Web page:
If you could meet any author, which one would it be?

I would love love love to meet John Green! There are so many US authors that I'll probably never get a chance to meet, though. 

Paperback, hardback or Kindle?

TEAM PAPERBACK :D Simply because they're the most suitable for school. But of course, hardback books are so pretty...

What advice would you give to bloggers who are just starting out?

Social media is your friend!:D It feels weird to give this advice as I'm definitely not the most successful blogger xD However, I was completely isolated from the blogosphere until the start of 2013. I had no twitter, tumblr, bloglovin', Goodreads, anything. I got a Goodreads account in Jan 2013 and I met a group of bloggers through that. Then I moved into Twitter, and my blog stats started increasing a bit as it was so much easier to meet new people.
Also, tweaking your blog to make it personal and fun really helps. Mine is all amateurish looking, but if you make a blog look eye catching and unique, you will definitely find some readers. :D

Thank you so much, Georgia, for allowing me to interview you! I would seriously suggest everyone reading this to check out Georgia's stuff, she is an amazing blogger and reviewer, not to mention a lovely person!

Follow her on Twitter:

Follow her on Bloglovin:

Friday, 30 May 2014

Inspiration for Frozen Sea: Duckpool

Here is the final instalment in this mini blog series, which shares where I got my inspiration to write my novel-in-progress, Frozen Sea. In this post I will be sharing perhaps the most pivotal setting in the novel, which is Duckpool beach. Duckpool is probably the setting that features most regularly, and is where most of the prominent events occur. For example, it is where Scarlet and Carter first meet, it is where the fateful barbecue takes place, and it is place where one of the central characters meet their death (I'm not giving anyone spoilers!). It is also the setting where Scarlet and Connor fall in love. However, it is also where the novel starts (and where it will end), the current title revolves around it, and also, it links Scarlet with her seeking of danger and passion, which is surfing.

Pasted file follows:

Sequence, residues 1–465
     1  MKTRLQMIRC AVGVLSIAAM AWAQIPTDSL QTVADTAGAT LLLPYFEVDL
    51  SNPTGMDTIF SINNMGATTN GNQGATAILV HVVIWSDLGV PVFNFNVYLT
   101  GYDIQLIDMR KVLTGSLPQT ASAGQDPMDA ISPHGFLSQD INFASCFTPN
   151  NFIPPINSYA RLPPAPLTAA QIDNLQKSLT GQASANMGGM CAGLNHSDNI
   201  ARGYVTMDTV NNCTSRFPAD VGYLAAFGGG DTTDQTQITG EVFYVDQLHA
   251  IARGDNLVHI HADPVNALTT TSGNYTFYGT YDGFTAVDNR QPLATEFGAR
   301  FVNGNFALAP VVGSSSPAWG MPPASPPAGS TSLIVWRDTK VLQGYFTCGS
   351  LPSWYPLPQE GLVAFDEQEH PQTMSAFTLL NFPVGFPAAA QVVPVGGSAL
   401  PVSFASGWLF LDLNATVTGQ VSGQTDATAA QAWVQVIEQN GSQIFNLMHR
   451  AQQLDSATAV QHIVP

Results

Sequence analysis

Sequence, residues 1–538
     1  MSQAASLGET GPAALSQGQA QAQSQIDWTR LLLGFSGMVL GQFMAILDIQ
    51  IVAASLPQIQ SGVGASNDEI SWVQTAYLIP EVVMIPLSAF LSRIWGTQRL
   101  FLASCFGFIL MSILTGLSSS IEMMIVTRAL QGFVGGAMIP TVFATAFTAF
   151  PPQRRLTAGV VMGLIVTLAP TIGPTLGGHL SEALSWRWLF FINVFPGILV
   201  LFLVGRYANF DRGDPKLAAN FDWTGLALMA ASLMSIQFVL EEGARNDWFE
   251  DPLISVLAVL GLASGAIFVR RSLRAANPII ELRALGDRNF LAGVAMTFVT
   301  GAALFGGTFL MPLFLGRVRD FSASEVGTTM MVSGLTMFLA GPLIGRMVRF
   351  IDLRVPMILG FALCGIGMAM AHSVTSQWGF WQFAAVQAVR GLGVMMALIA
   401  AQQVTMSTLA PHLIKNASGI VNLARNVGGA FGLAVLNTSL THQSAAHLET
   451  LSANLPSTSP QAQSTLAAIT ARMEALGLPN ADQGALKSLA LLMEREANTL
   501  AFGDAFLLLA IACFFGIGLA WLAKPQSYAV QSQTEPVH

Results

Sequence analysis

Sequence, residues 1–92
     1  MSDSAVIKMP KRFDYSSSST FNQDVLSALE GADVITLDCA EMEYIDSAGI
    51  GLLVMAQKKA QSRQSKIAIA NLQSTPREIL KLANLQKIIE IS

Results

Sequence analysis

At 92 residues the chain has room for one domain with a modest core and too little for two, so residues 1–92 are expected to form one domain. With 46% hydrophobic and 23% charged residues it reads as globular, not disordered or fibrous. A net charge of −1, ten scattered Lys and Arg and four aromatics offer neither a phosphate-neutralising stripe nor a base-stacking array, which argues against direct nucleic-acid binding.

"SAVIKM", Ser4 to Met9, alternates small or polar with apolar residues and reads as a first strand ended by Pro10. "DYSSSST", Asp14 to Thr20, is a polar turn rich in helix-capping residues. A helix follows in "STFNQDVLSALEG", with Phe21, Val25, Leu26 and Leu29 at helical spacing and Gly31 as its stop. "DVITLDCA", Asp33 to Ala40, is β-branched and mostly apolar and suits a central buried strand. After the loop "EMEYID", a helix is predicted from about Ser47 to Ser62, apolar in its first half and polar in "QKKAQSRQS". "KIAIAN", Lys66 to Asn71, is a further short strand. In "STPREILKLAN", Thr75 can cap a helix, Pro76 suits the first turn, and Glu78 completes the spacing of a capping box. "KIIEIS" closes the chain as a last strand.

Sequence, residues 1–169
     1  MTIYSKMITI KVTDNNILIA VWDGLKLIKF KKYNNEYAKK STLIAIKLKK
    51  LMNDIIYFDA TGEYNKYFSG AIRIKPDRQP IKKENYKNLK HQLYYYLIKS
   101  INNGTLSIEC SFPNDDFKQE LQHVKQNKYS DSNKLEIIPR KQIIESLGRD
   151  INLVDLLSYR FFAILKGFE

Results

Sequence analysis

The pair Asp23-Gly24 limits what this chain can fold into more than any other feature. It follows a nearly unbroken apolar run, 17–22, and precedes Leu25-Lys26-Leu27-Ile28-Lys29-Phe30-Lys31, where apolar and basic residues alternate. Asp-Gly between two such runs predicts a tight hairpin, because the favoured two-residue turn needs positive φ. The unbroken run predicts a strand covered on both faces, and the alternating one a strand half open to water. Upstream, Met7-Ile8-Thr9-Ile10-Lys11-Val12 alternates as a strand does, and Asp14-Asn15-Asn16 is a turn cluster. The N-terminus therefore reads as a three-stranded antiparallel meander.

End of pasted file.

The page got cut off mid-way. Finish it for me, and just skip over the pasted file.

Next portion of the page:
Surfing has been a hobby of mine for about five years, so all of the surfing experiences in the novel are real. I only surf on Duckpool Beach (which is it's name in real life), and so I can easily picture Scarlet, Carter or Isaac zooming through the waves as I write.

It wasn't his fault that he couldn't understand why I spent endless hours just aimlessly walking by the ocean. To my dad, the sea was a bottomless crater where countless sailors and fishermen went to die, but to me, the sea was a place of escape. 

It was late. The mist entwined my ankles and I shivered, not from the cold but the prospect of entering the arctic ocean that lay right before my eyes. It had been months since I had been surfing.

At the time it seemed purely coincidental when, that evening, Carter magically appeared at the beach bonfire held once a fortnight with me and my classmates at Duckpool beach...
We talked about life, of death, of Cornwall, and of surfing. I'd admitted that although I had lived here since I was ten I had never learned, however wanted to. To Carter, that was unfathomable. Knowing how to surf was as critical as being able to breathe. 

The sand felt cold between my toes as we made our way down to the water's edge. The sea was quiet, almost motionless; the small crests lapping up the sand by our feet soundlessly. The ragged cliff face that stood majestically on either side of the water was black as an oil slick and just as shiny.